Sandra Aguebor: Meet Nigeria’s First Female Mechanic



Sandra Aguebor is the founder of the Lady Mechanic initiative and Sandex Car care.

It is true that women are gradually getting into corporate positions that men usually dominate. However it is uncommon to see women who are professional car mechanics.

In Universities today, women like Sandra have dared to study male-dominated and practical courses.

Sandra Aguebor discovered her calling in her teenage years. She attributes her engineering talent to a divine encounter she had at 13.

“It all started through dreams, at the age of 13. I saw Jesus Christ teaching me how to fix cars in a series of dreams that lasted seven nights.”

Sandra Aguebor

Nigeria’s first lady mechanic had to face a host of challenges and setbacks from her male counterparts, family and the society at large. Somhow she channeled the obstacles as a source of motivation and positive energy.

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Certain that this was what she wanted to do, Sandra gave engineering her best. She started working at a local garage during her secondary school days.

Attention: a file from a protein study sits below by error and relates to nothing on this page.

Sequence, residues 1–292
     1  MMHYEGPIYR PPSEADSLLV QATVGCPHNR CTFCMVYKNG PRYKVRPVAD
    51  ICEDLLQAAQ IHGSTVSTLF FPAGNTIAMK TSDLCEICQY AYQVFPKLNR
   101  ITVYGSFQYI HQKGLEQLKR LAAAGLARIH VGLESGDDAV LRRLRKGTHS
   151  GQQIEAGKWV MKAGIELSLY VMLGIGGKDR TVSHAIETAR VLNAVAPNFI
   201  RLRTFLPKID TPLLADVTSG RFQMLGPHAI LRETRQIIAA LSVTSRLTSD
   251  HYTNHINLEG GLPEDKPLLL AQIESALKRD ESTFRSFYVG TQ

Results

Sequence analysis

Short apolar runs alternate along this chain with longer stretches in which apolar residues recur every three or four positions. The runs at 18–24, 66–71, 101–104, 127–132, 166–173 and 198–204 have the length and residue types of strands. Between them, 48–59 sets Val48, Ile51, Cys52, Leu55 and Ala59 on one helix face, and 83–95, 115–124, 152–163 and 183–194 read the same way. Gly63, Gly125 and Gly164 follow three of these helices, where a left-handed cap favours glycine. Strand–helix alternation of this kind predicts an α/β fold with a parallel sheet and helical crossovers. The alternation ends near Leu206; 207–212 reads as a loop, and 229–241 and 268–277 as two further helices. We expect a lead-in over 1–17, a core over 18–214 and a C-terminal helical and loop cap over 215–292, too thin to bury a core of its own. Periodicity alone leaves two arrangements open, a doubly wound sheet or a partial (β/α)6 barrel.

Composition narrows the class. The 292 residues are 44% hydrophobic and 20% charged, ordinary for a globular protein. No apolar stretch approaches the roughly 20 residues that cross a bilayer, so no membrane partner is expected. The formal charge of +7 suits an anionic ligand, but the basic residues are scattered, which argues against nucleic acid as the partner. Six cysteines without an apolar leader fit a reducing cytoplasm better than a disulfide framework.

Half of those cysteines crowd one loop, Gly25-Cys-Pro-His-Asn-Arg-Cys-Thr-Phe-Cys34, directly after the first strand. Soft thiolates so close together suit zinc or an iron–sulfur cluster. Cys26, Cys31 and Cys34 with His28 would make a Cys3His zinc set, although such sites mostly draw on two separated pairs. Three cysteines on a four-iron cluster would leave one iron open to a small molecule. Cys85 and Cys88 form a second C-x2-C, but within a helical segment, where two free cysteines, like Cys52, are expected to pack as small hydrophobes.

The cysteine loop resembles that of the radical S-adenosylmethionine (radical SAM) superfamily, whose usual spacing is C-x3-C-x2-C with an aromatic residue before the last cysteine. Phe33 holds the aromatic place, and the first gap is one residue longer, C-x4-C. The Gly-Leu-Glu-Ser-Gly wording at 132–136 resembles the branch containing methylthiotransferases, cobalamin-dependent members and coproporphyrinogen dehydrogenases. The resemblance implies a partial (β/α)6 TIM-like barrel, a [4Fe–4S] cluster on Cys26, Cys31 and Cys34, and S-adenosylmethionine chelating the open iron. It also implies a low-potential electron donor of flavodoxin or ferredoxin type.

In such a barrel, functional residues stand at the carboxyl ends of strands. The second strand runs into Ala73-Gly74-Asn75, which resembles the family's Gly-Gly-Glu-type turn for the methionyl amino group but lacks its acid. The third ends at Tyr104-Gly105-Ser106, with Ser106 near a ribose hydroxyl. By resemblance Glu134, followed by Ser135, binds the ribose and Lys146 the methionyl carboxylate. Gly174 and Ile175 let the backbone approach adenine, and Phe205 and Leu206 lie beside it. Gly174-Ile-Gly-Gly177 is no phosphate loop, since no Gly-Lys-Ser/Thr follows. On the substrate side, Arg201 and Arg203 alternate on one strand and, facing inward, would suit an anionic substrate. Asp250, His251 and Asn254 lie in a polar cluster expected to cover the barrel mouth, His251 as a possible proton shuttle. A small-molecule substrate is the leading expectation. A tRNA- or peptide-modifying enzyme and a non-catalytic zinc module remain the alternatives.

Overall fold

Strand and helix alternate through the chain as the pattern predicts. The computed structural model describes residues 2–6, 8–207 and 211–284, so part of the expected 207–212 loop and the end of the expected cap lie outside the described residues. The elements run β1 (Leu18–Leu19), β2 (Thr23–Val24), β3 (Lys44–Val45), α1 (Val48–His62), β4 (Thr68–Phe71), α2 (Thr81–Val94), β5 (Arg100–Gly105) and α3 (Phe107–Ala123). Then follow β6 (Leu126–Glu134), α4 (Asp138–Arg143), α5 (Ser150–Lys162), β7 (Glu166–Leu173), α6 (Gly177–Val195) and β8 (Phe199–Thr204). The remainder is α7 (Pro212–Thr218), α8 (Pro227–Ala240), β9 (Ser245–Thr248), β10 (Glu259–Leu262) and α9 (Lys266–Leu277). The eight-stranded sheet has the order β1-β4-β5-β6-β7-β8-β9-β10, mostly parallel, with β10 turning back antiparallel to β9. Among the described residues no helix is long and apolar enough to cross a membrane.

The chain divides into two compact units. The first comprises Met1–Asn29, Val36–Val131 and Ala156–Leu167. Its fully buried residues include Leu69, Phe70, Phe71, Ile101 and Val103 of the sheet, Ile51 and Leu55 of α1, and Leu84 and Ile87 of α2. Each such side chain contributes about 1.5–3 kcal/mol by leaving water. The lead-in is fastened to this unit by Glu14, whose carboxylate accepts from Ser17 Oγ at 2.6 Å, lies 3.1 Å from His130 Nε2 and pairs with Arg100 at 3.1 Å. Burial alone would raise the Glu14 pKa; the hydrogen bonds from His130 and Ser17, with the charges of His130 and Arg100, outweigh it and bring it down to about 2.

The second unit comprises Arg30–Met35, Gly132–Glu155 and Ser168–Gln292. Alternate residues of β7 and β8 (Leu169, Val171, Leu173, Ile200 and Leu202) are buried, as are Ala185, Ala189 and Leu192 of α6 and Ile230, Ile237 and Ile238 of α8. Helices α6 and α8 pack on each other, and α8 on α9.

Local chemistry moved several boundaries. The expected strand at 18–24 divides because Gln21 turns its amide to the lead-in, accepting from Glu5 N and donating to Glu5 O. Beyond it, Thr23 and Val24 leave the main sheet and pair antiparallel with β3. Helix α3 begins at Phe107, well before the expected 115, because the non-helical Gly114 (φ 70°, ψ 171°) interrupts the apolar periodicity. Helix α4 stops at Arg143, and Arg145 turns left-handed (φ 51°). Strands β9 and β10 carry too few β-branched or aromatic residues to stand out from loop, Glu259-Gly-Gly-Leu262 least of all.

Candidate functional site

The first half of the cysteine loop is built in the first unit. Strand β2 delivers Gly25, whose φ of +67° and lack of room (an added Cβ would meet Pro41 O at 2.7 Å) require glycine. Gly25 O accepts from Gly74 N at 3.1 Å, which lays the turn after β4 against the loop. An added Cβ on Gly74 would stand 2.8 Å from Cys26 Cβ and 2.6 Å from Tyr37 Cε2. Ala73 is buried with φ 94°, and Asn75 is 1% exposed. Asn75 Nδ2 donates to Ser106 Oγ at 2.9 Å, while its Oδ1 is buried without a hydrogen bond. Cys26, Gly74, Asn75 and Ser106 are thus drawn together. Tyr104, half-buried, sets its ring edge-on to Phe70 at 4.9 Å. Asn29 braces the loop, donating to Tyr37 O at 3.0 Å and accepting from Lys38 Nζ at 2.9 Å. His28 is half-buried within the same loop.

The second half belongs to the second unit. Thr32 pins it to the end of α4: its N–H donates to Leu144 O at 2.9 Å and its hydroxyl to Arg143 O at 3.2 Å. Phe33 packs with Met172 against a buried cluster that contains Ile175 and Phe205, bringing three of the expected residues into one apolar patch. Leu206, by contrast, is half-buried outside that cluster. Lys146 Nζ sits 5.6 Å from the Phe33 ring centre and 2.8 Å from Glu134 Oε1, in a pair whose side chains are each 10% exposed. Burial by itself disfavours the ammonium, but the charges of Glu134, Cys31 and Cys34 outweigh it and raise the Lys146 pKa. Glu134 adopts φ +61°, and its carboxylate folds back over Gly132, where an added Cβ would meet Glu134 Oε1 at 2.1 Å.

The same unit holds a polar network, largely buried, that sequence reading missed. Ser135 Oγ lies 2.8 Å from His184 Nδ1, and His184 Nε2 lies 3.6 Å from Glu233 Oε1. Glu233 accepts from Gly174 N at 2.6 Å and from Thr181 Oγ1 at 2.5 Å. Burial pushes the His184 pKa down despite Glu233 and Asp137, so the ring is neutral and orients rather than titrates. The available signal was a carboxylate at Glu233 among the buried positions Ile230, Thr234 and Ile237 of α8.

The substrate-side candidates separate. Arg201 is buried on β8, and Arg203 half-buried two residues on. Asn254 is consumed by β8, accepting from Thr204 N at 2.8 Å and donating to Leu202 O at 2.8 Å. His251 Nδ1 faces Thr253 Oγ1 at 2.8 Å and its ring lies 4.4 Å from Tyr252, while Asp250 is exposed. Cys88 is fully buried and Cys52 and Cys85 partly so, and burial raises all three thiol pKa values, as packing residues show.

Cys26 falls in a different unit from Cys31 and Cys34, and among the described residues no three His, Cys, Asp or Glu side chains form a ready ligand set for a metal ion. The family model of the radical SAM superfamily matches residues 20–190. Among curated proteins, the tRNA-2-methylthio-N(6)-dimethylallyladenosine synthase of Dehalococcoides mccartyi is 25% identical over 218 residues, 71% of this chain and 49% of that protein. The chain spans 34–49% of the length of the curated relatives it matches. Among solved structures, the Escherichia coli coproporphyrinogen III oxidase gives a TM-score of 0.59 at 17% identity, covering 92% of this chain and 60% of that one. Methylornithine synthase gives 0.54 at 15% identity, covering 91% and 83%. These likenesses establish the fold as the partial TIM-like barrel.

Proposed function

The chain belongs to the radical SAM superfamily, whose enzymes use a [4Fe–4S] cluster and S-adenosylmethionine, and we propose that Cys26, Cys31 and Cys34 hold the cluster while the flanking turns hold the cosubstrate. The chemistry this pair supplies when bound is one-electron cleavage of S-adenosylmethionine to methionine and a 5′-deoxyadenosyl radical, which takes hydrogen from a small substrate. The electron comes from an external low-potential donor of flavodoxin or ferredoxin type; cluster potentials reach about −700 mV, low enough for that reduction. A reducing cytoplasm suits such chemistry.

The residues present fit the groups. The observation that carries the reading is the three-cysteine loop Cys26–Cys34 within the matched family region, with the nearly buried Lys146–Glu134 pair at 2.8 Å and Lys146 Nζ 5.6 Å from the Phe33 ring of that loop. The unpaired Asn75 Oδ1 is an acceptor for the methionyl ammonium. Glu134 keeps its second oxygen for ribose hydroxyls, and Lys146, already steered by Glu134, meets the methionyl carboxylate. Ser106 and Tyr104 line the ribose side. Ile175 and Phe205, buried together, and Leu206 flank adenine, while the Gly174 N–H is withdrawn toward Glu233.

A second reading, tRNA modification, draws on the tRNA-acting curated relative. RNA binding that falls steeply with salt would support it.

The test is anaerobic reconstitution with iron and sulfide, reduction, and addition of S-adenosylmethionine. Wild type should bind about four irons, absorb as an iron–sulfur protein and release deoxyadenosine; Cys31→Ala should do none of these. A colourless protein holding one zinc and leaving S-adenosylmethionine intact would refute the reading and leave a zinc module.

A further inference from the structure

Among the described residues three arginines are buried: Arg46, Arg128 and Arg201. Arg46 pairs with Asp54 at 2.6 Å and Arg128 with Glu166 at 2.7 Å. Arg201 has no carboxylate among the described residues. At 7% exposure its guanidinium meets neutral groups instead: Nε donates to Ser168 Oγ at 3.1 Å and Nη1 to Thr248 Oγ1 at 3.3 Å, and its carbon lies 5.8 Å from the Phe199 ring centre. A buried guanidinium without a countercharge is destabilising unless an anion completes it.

“I would get to school at 8 am and leave at 2 am. My overall was already in my school bag. From school, I would dash to the garage and work till 6 or 7 pm.”

In time she started working with the Nigerian Railway Corporation.

After 10 years, she became her own boss and  established her own car garage which is still operational till date.

Sandra has been in the car repair business for 32 who years now.

Sandra Aguebor

Making a success out of her career, many could clearly see the lady was right when she chose the profession that most women would never even give a thought.

“For me to become the first female Nigerian mechanic, I had to work five times harder than men to prove myself. Now, many people don’t know my name, it’s ‘Lady Mechanic’ everywhere I go.”

Sandra showed her philanthropic side by reaching out to women in need. She assembled them all and enrolled them in her teaching classes.

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In 2004, Sandra founded the Lady Mechanic Initiative. The organization specifically grooms women in the business of fixing cars. Thus, helps them to be employed and financially independent.

Another interesting detail of the trainees is that the some of them equally found the initiative to be a sort of therapy. Some of these women used to be commercial sex workers, victims of sex trafficking, school drop outs and financially incapacitated mothers/wives.

Sandra Aguebor

Records show that since 2004, Sandra has empowered and trained over 1 000 women in fixing cars under the Lady Mechanic Initiative programme across 5 Nigerian states.

“Our clients keep coming back – they prefer us because we are determined to be better than a lot of mechanics who take their job and their salary for granted,”

Sandra Aguebor has a vision that by the year 2025, she must have trained up to 100 000 ladies who would serve as pillars and pathfinders across several African communities.

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